In Christie’s Largest-Ever Sale of Cartier Clocks, Tabletop Jewels Meet Magic
Beyond its legendary mystery clock, the French house has many time-telling tricks up its sleeve
No maker quite epitomizes the seamless blending of form and function like Cartier. So masterful are its timepieces’ fusion of artistry and mechanics that the final design’s impression is one of pure magic. “Since the beginning of the brand, Cartier made pieces that were special. Especially in the 1910, ’20s, and ’30s, a jewel could take six months to make,” Christie’s Geneva-based jewelry specialist, Marie-Cécile Cisamolo, tells Galerie. Through working on the auction house’s A Lifetime of Collecting—101 Cartier Clocks sale, running online from July 7 to 21, Cisamolo has gained an even deeper appreciation for the maker. “They were very innovative, and they still are today.”
The single-owner sale is the largest collection of Cartier clocks to come to auction. The fact that each and every piece, spanning from the Belle Epoque to the 20th century, is working (and most come in their original cases) is not just a testament to their meticulous European owner, who amassed them over 30 years, but also to Cartier for its unparalleled craftsmanship. While the collector could not part with some of the pieces in his personal trove, those he did represent an encyclopedic display of the house’s visual and technical mastery nonetheless.
“We have 200-carat diamonds; in Hong Kong we just sold a blue diamond for $15 million, so we are used to dealing with things that we are lucky to touch quite often and that most people can never have in their hands their whole lives,” says Cisamolo. While clocks generally offer a bit less immediate glitz than jewels, their magic lies behind a little door; their wand, a tiny key. Upon opening the backdoor of an Art Deco clock in the sale, reminiscent of the Chrysler Building, and discovering it was a sound-producing minute repeater, Cisamolo and her colleagues were amazed. “We’re looking at the little hammer going down like kids, and I thought, That’s why I come to work every day. Just to be astonished.”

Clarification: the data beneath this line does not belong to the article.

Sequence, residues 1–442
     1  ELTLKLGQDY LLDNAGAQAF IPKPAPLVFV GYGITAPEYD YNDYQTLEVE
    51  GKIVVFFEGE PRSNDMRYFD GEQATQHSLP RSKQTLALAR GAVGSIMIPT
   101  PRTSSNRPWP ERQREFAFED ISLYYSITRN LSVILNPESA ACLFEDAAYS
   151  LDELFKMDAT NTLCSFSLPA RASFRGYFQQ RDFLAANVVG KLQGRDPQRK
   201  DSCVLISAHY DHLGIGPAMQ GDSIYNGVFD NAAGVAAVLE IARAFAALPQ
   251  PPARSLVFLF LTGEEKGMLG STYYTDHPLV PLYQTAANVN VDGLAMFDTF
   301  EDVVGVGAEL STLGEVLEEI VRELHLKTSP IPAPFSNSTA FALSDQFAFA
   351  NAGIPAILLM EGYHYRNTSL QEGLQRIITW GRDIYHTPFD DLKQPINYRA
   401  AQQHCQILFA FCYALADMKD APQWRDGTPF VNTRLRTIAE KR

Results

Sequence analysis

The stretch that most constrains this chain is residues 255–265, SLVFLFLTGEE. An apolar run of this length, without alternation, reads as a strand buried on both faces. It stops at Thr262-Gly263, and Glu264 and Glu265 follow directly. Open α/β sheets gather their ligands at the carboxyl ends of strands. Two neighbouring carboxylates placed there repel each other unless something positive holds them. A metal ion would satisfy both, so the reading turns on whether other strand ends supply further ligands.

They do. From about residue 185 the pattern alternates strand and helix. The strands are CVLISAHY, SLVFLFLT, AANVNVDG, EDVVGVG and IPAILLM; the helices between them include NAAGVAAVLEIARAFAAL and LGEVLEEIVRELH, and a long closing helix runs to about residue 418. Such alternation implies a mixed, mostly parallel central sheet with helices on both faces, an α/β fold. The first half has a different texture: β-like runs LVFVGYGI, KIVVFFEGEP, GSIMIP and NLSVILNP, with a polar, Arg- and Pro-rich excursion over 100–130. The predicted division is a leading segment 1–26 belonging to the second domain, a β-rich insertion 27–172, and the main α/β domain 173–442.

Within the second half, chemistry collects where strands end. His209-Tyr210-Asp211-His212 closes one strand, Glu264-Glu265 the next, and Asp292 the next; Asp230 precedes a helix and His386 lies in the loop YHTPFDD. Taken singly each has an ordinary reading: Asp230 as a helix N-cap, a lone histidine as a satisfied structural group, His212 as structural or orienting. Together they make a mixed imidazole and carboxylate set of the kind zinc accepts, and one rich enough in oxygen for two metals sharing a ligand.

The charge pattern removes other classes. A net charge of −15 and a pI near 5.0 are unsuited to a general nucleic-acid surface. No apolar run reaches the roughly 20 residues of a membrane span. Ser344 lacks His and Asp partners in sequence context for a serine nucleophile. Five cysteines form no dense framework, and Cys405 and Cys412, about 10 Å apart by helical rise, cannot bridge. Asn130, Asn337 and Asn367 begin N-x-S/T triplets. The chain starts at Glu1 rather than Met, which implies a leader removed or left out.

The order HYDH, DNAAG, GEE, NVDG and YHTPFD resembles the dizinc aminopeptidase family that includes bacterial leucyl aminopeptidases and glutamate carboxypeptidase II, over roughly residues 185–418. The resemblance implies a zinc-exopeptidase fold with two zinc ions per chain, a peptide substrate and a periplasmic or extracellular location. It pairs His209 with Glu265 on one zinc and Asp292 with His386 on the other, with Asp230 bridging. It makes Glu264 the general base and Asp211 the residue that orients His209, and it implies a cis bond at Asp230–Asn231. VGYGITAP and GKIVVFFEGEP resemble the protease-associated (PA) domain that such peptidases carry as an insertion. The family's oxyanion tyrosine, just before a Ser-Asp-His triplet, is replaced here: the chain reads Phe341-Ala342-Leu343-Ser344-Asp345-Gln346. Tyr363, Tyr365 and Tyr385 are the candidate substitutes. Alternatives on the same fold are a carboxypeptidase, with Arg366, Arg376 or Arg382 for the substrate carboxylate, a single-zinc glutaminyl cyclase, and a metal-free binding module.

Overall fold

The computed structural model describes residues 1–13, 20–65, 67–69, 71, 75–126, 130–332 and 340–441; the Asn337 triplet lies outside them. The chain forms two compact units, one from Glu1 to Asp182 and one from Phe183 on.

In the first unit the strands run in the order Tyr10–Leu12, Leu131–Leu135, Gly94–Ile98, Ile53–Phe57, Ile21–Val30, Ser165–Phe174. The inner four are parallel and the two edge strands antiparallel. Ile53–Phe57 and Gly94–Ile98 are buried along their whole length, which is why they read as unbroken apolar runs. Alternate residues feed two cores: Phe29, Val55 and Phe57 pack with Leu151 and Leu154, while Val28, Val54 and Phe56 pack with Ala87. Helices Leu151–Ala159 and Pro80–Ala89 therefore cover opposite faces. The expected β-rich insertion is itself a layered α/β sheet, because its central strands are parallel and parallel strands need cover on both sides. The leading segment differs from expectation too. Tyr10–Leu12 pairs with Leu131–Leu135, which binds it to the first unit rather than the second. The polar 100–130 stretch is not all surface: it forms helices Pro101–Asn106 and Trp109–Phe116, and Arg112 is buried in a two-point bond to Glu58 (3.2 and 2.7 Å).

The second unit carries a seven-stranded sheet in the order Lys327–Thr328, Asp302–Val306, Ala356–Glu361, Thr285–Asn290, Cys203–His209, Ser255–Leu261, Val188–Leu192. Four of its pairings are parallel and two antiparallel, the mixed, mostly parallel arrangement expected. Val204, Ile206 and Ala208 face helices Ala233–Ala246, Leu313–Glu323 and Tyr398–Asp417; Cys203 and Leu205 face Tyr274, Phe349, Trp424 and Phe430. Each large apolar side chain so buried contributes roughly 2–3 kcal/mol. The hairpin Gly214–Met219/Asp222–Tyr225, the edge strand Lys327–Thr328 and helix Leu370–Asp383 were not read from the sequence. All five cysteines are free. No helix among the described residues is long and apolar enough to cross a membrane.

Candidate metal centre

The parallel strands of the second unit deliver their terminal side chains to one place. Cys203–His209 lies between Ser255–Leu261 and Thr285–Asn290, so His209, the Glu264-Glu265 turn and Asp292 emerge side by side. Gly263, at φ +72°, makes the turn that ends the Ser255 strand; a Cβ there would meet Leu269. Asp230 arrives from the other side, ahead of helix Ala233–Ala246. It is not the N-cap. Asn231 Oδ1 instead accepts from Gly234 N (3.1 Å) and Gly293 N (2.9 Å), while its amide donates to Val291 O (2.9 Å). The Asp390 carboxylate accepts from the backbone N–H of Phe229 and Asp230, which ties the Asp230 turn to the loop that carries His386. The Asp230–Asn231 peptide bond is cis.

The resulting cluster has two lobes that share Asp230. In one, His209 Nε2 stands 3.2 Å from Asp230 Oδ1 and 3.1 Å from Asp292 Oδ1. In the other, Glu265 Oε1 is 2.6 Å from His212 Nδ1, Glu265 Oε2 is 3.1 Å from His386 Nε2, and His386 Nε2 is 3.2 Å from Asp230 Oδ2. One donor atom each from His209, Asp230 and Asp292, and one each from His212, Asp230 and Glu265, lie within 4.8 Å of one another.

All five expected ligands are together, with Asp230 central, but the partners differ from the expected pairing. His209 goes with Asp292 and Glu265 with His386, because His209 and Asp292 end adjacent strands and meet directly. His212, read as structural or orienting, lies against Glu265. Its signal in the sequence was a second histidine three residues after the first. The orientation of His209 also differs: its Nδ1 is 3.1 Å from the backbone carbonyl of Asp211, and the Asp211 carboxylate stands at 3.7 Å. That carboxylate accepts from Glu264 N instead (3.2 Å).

Mystery and Prism Clocks
Cisamolo also admits that learning more about Cartier clocks, and particularly experiencing them firsthand, has “humbled” her. While the sale does not contain a mystery clock—where the hands appear to float in a transparent dial—its many deceptively simple pieces illustrate how the company was far from a one-trick pony. Aspiring to the same notoriety and creative vision for the house’s timepieces as its jewels, the three Cartier brothers, Louis, Pierre, and Jacques, secured top clockmaking talent, namely Edmond Jaeger and Maurice Coüet, in the early 1900s to work exclusively for them.
“Like his boss Louis Cartier, Coüet wasn’t interested in doing the same as everyone else: He wanted to push the boundaries of clockmaking, to amaze, astound, and delight,” Francesca Cartier Brickell, tells Galerie. A direct descendant of the Cartier family (her great-great-great grandfather founded the firm in 1847, and her grandfather Jean-Jacques Cartier was the last of the family to manage a branch of the business), Cartier Brickell recently published an extensively researched book titled The Cartiers: The Untold Story of the Family Behind the Jewelry Empire.
“That’s why I come to work every day. Just to be astonished”Marie-Cécile Cisamolo
Inspired by watchmaker and magician Jean-Eugène Robert-Houdin, Coüet created his own illusionist timepieces, including mystery and semi-mystery clocks, such as lot 11, an early-20th-century “Comet” clock, where a diamond comet and star float around a pink guilloche enamel dial. “In 1910 Halley’s comet came terrifyingly close to the earth, and it was all anyone could talk about,” explains Cartier Brickell. “So not only was Couët’s invention magical in terms of how it told the time, but by associating it with the comet, the Cartiers were ingeniously imbuing this clock with awe and mystique.”
Another remarkable Cartier invention was the Prism clock, created by Gaston Cusin, who worked with Coüet, and patented in 1937. Inspired by the technology of an underwater periscope, a clock dial is reflected through prisms, which give it an appearance of disappearing all together depending on the angle through which it is viewed. There are three examples in Christie’s sale: Lot 68 was made in the 1950s, lot 69 in the 1980s, and lot 71 in the 1960s.
Other clocks that Cisamolo finds particularly special are lot 95, a 1920 Coüet-created chronoscope with many moving parts, inspired by those of the 17th century, which doubles as a photo frame; lot 31, a circa 1914 calendar moon phase clock with mille raies striped gold and blue enamel; and lot 45, the exquisite cover lot, a 1926 Art Deco clock with lacquer, mother-of-pearl, diamonds, and unusual gems. “There are so many details on it—Art Deco, Chinese, Persian, and Arabic influences—you’d think it comes from a bazaar, but it’s made by Coüet, and you can feel it just works for reasons that are illusive,” says the specialist.
As with many Cartier creations, the stories behind the clocks are as exotic and intriguing as the materials with which they are made. “Researching them, I uncovered a whole host of colorful characters that almost reads like a fairy tale: three remarkable brothers, an illusionist, a star-gazing inventor, a six-foot-tall Russian model, a clock-obsessed maharaja (or two), a team of master craftsmen, a jealous duchess, even a president and a king thrown in for good measure,” Cartier Brickell says. “Put simply, each clock is a living legacy: Some of them may chime, but if only they could talk!”